|The Gimlet Tool|
When dating furniture it is essential to closely examine the clues left behind by the worker and his tools. The process of shaping and joining wood will always result in some evidence of how it was done. Over time, newer tools were introduced, and that provides a clear dating feature for students and conservators to understand.
Today I thought I would just show a simple example for collectors who may not have noticed it before. To me this feature is obvious, but I have been doing this for so long I just take it for granted. I take satisfaction in knowing that I am educating clients as I point out tool marks and dating methods so that they can gain a new appreciation of what they own.
Years ago I posted on the history of the screw (search: "Respect The Screw"). Today I want to continue that thought by discussing the gimlet.
The gimlet tool was a staple of every woodworker's tool box. It looked rather like an old fashioned cork screw, in that it had a wood handle attached to a long metal shaft with a screw tip. Since all the screws made before 1846 were blunt it was necessary to start the hole first with a gimlet. This would create the screw tap for the blunt screw to get started.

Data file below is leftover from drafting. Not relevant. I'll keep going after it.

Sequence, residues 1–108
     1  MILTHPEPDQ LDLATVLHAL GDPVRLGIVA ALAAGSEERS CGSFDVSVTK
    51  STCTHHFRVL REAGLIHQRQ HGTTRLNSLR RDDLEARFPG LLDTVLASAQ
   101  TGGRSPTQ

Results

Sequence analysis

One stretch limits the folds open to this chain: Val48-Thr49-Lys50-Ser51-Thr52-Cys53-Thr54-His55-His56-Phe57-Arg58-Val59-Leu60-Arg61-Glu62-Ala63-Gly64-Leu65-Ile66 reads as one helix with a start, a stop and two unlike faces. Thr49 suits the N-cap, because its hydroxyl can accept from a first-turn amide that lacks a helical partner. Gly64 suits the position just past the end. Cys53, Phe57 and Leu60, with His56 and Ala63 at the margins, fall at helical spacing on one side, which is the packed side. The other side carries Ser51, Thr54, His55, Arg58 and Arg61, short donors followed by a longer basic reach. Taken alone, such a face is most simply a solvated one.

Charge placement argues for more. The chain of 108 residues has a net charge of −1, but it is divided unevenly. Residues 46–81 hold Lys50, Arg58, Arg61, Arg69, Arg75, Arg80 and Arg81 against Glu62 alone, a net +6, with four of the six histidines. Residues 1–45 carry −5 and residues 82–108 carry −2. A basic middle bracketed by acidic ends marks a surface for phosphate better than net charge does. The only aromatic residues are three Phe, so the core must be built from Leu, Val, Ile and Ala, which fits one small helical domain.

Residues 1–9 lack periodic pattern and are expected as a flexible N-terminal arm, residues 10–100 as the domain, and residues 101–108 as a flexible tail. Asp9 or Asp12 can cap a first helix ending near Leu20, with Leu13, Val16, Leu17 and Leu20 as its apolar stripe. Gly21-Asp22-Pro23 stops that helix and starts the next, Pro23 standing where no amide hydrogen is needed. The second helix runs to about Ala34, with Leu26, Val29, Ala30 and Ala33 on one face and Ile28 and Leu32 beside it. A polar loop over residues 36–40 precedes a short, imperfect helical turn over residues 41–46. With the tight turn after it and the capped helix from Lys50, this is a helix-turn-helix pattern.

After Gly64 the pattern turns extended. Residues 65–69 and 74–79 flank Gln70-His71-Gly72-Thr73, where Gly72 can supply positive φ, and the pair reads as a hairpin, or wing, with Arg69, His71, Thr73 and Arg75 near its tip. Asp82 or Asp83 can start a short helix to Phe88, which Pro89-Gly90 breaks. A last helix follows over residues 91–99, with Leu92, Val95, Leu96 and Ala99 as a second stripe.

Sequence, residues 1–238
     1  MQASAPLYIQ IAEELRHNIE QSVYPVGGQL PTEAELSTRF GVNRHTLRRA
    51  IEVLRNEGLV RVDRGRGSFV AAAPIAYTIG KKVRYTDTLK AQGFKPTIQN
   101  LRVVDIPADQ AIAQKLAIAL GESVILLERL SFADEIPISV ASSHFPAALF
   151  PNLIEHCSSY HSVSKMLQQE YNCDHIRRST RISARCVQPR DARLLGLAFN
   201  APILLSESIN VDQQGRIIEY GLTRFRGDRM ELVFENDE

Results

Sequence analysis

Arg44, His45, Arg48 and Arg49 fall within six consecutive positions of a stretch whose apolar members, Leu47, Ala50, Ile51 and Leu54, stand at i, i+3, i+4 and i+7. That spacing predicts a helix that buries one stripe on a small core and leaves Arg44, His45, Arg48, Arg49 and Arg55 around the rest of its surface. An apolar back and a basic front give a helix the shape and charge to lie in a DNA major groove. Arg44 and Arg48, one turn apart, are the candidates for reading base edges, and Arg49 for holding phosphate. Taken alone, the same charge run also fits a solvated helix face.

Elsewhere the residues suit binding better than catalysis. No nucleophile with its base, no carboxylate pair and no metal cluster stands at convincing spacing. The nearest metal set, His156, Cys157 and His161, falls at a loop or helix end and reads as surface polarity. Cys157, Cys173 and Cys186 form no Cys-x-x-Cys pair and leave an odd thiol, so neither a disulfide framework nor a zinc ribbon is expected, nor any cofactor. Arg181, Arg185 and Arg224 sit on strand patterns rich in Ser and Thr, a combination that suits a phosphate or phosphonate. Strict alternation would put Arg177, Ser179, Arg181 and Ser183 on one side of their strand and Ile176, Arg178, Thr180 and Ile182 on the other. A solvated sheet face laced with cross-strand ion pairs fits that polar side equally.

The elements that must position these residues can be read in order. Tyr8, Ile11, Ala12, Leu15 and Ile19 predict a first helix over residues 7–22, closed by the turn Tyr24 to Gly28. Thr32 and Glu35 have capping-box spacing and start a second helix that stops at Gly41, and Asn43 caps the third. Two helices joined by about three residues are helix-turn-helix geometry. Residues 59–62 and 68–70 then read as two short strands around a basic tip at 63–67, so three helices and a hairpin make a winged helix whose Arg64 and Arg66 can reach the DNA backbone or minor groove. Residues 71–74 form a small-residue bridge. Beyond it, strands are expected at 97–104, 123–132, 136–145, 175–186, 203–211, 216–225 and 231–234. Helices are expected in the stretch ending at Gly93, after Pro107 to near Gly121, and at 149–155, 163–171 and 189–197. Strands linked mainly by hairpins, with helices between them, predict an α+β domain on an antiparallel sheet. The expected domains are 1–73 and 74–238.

When pointed screws became available the gimlet lost its function and sat abandoned in the bottom of the tool box.
However, something else happened at the same time. The gimlet tip (a pointed screw) was added to the twist bit on the drill. Instead of the blunt spoon bit or spur bit shape the gimlet pointed twist bit became quickly popular, since the gimlet actually helped to pull the twist bit into the wood.
|Post 1850 Gimlet Tip Twist Bit|
One application of this new twist bit was how it changed the method for installing "pocket screws."
I am using the term "pocket screw" here knowing it is a modern term. Today a pocket screw device is rather common among modern cabinetmakers who use it to fasten face plates to kitchen cabinets, among other uses. It is actually a continuation of the method developed centuries ago for installing a screw on a 90 degree joint.
Before 1850 the only way to install a screw on a corner was to use a gouge chisel and carve a "U" shaped entry. First the proper distance from the edge of the wood was marked with a scribe, depending on the size of the screw. That would allow a flat chisel to cut into the wood, leaving a surface for the screw head. At the same time the gouge would be used to clean out the wood allowing for the "turn screw" (the traditional name for the "screw driver") to properly reach the screw.
This is what it looks like:
|This Worker was Skilled and Proud of His Work|
|Note the Center Mark left by the Gimlet Point|
This is an interesting example I found on an 18th century Philadelphia walnut drop leaf table. Although the original screws were chiseled in as usual, some later repairs were made and the new screws were let in with a gimlet bit. Perhaps not the best method for repairing pre industrial furniture, but still this photo provides a learning experience:
|Don't Do This to Period Furniture, Please.|